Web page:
Dave Davies: “The truth might be the truth… but it still hurts”

The Kinks' guitarist takes stock of his wild ride in and out of the band with new memoir Living On A Thin Line and discusses what's next

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In his new memoir, Living On A Thin Line, DAVE DAVIES – guitarist, spiritual warrior, astral explorer – goes deep inside his celebrated history in and out of THE KINKS.

Speaking in the latest issue of Uncut magazine – in UK shops from Thursday, July 21 and available to buy from our online store – Davies blows apart some of the myths around his former band, shares news of brother Ray and considers where the deep soul-searching that has gone into writing his memoir will take him next. “It’s better to embrace those feelings full-on than let them fester,” he tells us.

Now read on…


It’s mid-morning as Dave Davies slips into his favourite pub in Highgate. With long white hair flowing from beneath a soft black Tibetan cap, and a rakishly psychedelic scarf slung across his shoulders, he looks leaner and healthier than ever.

“I’ve always liked it here,” he says, ordering an oat milk cappuccino. “It’s the sort of place where you feel in transit – it’s OK, but you know you’re going to leave. I’ve been used to that feeling all my life on the road.”

Dave began work on his new autobiography here. Living On A Thin Line is an often jaw-dropping account of life as The Kinks’ fiery, innovative guitarist and his equally tempestuous times offstage – from acid breakdowns to alien visitations. “That Covid shit prompted it,” he explains. “But it got tough when I realised that memories aren’t always good memories. There were times when I thought, I can’t fucking do this. It’s too hard. The truth might be the truth, but it still fucking hurts.”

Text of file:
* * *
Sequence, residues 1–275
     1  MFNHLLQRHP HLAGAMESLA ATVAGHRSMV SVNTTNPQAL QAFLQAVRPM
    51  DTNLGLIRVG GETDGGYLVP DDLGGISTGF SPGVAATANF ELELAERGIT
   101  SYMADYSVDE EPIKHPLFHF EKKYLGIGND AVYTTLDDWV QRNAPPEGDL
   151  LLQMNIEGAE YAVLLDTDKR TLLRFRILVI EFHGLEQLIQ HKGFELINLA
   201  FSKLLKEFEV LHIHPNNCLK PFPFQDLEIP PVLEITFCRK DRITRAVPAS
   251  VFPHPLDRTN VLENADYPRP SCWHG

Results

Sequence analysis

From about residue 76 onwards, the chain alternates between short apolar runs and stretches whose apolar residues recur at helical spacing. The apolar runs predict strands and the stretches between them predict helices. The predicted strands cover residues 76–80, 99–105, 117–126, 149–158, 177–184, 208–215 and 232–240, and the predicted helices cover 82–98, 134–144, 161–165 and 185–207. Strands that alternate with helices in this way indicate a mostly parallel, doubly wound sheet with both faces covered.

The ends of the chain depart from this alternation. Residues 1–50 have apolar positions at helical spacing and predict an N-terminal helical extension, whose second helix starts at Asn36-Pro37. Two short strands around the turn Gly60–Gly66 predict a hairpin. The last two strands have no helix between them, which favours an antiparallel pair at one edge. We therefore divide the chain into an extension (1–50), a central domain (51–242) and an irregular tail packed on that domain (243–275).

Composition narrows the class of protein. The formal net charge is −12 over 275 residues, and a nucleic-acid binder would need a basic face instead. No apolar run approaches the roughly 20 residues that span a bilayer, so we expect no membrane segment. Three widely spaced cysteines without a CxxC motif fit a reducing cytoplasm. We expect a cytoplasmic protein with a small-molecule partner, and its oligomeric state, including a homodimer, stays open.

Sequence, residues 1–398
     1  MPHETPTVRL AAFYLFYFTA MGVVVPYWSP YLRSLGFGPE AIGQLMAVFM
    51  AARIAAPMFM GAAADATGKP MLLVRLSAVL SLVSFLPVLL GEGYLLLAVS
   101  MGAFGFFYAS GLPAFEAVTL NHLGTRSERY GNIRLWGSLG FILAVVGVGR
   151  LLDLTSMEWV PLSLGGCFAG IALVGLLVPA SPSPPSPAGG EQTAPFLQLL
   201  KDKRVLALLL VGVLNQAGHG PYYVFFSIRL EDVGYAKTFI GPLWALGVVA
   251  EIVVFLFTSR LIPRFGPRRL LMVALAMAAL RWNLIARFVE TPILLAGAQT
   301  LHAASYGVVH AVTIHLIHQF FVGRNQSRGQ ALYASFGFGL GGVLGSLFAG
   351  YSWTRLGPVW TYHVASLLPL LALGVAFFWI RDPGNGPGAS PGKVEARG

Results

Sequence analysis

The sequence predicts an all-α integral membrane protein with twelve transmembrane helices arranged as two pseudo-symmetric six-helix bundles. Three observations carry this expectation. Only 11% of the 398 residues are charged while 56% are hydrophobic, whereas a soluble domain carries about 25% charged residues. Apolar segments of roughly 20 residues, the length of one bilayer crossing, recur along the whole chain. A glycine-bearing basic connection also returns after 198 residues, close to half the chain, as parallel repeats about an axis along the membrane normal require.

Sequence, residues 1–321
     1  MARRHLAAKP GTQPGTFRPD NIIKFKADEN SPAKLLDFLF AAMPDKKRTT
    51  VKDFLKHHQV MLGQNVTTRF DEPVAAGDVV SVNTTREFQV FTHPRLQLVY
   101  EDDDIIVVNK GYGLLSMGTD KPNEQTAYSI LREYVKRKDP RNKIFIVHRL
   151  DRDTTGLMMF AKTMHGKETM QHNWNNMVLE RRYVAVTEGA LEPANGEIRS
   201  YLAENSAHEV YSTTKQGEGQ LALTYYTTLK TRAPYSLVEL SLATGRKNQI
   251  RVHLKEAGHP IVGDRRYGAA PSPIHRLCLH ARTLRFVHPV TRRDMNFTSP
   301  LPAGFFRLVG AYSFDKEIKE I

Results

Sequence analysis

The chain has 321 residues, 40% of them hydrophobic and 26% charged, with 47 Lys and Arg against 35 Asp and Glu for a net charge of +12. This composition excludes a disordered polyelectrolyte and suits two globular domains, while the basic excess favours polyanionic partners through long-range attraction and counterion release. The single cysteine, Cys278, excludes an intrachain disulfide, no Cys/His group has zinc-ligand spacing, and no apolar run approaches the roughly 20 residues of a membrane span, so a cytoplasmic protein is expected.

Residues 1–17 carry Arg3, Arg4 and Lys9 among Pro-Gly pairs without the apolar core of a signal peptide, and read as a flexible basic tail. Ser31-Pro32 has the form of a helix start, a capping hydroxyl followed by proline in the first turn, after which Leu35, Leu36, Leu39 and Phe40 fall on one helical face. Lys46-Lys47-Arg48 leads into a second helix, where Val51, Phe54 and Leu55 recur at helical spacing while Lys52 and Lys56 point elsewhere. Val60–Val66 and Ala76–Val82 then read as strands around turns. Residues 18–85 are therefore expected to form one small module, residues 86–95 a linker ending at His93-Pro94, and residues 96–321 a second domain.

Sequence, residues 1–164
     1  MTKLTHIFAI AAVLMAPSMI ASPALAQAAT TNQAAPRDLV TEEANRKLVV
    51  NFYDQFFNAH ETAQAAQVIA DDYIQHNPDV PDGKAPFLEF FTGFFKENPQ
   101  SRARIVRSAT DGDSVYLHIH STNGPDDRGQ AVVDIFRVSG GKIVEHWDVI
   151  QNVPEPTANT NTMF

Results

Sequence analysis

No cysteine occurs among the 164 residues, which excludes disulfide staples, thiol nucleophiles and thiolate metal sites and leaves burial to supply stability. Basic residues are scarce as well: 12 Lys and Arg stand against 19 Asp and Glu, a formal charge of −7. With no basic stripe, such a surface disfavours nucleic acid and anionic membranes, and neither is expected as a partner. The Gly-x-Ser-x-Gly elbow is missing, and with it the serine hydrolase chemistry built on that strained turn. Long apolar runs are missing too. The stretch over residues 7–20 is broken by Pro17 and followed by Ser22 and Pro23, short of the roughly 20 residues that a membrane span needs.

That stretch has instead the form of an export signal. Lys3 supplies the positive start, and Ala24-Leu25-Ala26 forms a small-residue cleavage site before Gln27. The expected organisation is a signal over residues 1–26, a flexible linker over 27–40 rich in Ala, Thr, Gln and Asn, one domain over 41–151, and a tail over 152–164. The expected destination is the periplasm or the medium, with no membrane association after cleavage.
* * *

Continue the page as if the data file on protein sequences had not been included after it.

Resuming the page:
Dave wrote a previous memoir, Kink, in 1996, when the band’s story was still very raw. But Dave’s stroke in 2004 and improved relations with Ray give the new book a wiser perspective. “Is that good?” he wonders. “I’ve had to live with these thoughts and feelings for decades. I’ve had time to mull them over and to mature. It is a less angry book.”

We’re sitting a mile or so from the Davies’ family home at 6 Denmark Terrace, where Dave and Ray wrote the early Kinks hits in the cramped front room. Highgate Wood is visible from the pub, part of the suburban landscape mythologised in The Kinks Are The Village Green Preservation Society (1968). Ray too lives in Highgate, although the brothers rarely meet.

Where Ray is guarded, Dave is wide open, talking in freewheeling tangents and shadow-boxing the air for emphasis. Though he takes far-out spiritual flights, they’re always grounded by his earthy personality. “I’m glad you noticed that!” he laughs. “It’s reassuring. A lot of that came from my upbringing. ‘Get on with it, lad!’ Know what I mean? Check it out – but don’t get too carried away.” The writer of “This Man He Weeps Tonight” also cries several times during our interview, as some memories prove almost too much to take.



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